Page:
Paintings like the ceiling fresco called Triumph in the Name of Jesus are considered extremely important by the Catholic church. Where the Protestant Church prohibited in many cases the use of artwork in churches, the Catholic church via the influence of the Counter Reformation saw these highly dramatic works of art as vital forms of persuasive religious imagery, examples that would encourage faith and religious conversion.
Now just as with Cortona's fresco, the ceiling appears to be blown through the roof, revealing the golden light of heaven shining down. Now the artistry exhibited is truly remarkable. The painting is so well integrated with the architecture that it's almost impossible to tell what's real and what's painted, and is an excellent example of trompe l'oeil. Christ is represented by the monogram IHS beneath a cross, but almost invisible due to the backdrop of blinding light from heaven in contrast to the dark shadow of sinners that I showed you earlier falling back to Earth.
And one of the finest examples of trompe l'oeil is the ceiling fresco painted by a Jesuit monk, Fra Andrea Pozzo. Now Pozzo extends the architecture of the church through painting, creating the impression of tremendous verticality that opens upwards towards heaven and the figure of Christ with St. Ignatius rising toward his savior. Now again, it's almost impossible to tell where the real architecture ends and the painting begins, creating a truly awe-inspiring sensation and tremendously spiritual moment for the pious observer below. Here's another view of that architecture extending and creating, again, that sense of verticality.
All right. That brings us to the end of this lesson. Let's take a look at our objectives again to see how we did.
Now that you've seen the lesson, are you able to identify and define today's key terms? Describe the use of trompe l'oeil and perspective in 16th and 17th century ceiling frescoes? And identify examples of this type of artwork? And the big idea for today is that the Counter Reformation was very influential on the development of this highly dramatic and persuasive religious imagery.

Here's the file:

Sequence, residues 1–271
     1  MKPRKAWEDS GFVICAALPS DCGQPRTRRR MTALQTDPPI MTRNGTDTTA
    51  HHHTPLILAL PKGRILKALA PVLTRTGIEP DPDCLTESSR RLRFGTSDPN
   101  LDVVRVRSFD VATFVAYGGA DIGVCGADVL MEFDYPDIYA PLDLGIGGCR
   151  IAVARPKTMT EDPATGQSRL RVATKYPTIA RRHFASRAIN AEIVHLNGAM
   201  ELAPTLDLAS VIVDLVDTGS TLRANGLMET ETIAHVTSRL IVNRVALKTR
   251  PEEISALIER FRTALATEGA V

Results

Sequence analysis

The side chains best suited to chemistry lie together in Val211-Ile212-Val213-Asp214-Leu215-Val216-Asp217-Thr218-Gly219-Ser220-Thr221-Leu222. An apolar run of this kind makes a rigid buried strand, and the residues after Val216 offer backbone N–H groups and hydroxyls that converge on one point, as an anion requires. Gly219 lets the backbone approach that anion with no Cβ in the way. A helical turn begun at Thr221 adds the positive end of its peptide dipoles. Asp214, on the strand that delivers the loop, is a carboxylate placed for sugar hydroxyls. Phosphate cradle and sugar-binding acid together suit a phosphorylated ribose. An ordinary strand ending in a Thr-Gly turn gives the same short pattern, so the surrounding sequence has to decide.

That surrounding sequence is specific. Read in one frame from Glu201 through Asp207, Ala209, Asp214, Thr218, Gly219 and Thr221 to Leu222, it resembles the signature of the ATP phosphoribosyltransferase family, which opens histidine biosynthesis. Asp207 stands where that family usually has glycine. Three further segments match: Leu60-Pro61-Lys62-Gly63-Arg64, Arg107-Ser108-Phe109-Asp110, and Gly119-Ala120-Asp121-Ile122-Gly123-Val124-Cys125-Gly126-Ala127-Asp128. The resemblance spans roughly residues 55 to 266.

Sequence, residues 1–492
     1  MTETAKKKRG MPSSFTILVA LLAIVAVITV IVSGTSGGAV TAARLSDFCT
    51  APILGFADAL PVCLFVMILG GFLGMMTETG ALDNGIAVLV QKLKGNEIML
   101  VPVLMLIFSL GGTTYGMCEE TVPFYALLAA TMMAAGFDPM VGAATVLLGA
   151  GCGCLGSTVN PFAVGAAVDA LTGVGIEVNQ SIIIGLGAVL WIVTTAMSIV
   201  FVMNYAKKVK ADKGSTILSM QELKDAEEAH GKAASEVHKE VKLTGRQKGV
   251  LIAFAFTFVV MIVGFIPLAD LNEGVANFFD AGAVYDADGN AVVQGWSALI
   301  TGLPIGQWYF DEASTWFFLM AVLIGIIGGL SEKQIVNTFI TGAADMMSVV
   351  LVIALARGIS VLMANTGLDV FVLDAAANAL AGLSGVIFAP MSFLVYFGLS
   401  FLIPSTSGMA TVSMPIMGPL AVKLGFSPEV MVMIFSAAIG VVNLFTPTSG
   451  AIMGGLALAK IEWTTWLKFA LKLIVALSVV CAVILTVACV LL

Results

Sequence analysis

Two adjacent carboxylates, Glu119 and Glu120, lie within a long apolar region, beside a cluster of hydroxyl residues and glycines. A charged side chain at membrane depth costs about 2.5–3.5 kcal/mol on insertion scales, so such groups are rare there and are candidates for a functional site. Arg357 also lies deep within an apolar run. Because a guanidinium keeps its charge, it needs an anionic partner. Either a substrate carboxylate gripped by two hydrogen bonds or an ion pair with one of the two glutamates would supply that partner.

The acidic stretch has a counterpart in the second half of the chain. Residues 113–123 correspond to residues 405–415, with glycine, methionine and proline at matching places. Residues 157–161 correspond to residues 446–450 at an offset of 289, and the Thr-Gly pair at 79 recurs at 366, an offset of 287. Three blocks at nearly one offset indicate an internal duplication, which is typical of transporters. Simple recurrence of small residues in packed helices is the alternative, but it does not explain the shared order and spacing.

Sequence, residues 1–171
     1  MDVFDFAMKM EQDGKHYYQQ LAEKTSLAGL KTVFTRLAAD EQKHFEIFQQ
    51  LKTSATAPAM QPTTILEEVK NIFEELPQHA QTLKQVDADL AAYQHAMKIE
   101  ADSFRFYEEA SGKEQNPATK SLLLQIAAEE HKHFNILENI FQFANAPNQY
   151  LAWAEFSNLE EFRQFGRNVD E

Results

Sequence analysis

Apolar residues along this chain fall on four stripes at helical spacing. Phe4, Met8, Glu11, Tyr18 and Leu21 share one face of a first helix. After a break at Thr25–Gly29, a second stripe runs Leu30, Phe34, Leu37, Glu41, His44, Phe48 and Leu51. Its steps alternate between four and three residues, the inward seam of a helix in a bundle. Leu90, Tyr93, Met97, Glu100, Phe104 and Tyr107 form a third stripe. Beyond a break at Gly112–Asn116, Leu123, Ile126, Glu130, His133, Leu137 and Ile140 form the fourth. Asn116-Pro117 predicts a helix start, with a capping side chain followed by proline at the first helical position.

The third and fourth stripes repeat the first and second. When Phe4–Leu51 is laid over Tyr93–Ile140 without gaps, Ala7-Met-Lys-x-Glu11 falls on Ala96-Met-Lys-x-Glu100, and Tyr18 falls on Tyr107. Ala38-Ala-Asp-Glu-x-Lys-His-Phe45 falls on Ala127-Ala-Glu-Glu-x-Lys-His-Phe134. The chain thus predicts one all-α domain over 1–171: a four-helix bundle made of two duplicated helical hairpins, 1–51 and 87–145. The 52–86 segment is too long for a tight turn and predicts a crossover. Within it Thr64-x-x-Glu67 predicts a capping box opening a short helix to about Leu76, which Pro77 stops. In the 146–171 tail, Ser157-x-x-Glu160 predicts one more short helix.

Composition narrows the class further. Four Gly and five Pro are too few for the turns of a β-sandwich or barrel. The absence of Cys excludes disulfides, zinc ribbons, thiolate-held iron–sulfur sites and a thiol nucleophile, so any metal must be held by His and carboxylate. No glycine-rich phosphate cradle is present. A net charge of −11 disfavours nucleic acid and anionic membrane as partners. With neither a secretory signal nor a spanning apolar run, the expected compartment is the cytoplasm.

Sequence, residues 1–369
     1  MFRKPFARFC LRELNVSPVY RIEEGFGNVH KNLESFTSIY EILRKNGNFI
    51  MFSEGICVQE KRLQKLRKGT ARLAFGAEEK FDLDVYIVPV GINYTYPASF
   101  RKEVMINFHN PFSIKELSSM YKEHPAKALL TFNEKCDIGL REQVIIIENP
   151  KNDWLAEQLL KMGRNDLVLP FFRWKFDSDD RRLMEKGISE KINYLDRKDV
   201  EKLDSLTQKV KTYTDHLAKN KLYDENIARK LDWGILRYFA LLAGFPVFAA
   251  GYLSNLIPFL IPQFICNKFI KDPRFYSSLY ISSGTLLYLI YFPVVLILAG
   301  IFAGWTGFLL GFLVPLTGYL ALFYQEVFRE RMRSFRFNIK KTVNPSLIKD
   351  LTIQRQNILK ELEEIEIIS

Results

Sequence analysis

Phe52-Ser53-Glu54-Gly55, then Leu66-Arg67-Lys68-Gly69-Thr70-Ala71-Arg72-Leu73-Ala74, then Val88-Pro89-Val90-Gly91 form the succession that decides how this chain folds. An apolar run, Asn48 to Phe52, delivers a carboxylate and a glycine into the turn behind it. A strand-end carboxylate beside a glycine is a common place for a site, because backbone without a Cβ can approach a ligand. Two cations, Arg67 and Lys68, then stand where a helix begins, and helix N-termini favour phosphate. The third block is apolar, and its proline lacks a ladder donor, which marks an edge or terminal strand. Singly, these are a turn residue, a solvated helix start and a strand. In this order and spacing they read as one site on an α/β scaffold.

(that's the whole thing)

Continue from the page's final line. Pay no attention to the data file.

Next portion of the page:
And that is it. Thank you very much for joining me today. I'll see you next time.
Also called the Catholic Revival or Reformation, it was a response to the Protestant Reformation, and lasted from the Council of Trent to the end of the Thirty Years' War.
The use of perspective in painting to create the impression of three dimensional space on a two dimensional surface; or a philosophy that promotes the material world as an illusion.
An artistic technique that creates an optical illusion, usually of a three dimensional space on a flat surface.
"As Seen From Below"
A specific approach used in painting Italian ceiling frescoes that depicts an illusionistic scene taking place above the viewer.
Aurora; Public Domain: http://en.wikipedia.org/wiki/File:Guido_Reni_-_Aurora_-_WGA19273.jpg Triumph of Providence; Public Domain: http://en.wikipedia.org/wiki/File:Cortona_Triumph_of_Divine_Providence_01.jpg Triumph in the Name of Jesus; Creative Commons: http://en.wikipedia.org/wiki/File:Rome-EgliseGesu-Fresque.jpg Glorification of St. Ignatius; Creative Commons: http://en.wikipedia.org/wiki/File:Andrea_Pozzo_-_Apoteose_de_Santo_Inacio.jpg; Image of Italy Map Creative Commons http://upload.wikimedia.org/wikipedia/commons/b/ba/EU-Italy.svg; Image of Palazzo Farnese Public Domain http://en.wikipedia.org/wiki/File:Galleria_Farnese_-_Annibale_Carracci_-_Palazzo_Farnese,_Rome.jpg; Image of Bacchus Public Domain http://en.wikipedia.org/wiki/File:The_Triumph_of_Bacchus_and_Ariadne_-_Annibale_Carracci_-_1597_-_Farnese_Gallery,_Rome.jpg; Image of Jupiter Public Domain http://en.wikipedia.org/wiki/File:Jupiter_and_Juno_-_Annibale_Carracci_-_1597_-_Farnese_Gallery,_Rome.jpg; Image of Perseus Public Domain http://en.wikipedia.org/wiki/File:Perseus_and_Andromeda_-_Annibale_Carracci_and_Domenichino_-_1597_-_Farnese_Gallery,_Rome.jpg